THURSDAY, Oct. 5, 2017 (HealthDay News) — For patients undergoing major abdominal surgery, lower health literacy levels are independently associated with longer index hospitalization length of stay, according to a study published online Oct. 4 in JAMA Surgery.
Jesse P. Wright, M.D., from Vanderbilt University Medical Center in Nashville, Tennessee, and colleagues examined the correlation between health literacy and postoperative outcomes among 1,239 patients undergoing elective gastric, colorectal, hepatic, and pancreatic resections for benign and malignant diseases. The Brief Health Literacy Screen was used to assess health literacy levels, and the correlation of health literacy levels with postoperative outcomes was determined.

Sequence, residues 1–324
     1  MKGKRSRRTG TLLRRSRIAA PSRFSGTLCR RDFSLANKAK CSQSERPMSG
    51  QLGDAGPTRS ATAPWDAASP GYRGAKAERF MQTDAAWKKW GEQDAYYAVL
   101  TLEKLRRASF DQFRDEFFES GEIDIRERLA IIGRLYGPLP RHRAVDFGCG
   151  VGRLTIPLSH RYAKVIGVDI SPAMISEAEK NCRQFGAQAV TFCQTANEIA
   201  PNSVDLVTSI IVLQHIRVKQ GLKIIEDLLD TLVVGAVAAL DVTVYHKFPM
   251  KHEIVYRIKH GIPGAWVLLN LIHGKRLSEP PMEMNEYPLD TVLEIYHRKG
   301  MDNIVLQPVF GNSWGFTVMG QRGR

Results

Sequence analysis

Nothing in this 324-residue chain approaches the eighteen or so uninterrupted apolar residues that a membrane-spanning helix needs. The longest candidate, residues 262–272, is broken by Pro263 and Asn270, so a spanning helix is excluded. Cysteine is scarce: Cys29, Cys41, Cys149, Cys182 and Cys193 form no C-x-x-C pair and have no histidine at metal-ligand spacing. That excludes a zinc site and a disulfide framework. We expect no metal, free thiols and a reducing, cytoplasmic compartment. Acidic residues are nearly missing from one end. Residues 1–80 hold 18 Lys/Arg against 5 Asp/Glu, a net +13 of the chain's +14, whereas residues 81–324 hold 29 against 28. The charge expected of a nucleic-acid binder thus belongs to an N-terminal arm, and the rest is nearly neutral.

The researchers found that in unadjusted and adjusted analyses, controlling for patient demographics and clinical characteristics, patients with lower health literacy levels had a significantly longer length of stay. There was no significant correlation for lower health literacy with increased rates of 30-day emergency department visits or 90-day hospital readmissions.
“The role of health literacy needs to be further evaluated within surgical practices to improve health care outcomes and use,” the authors write.
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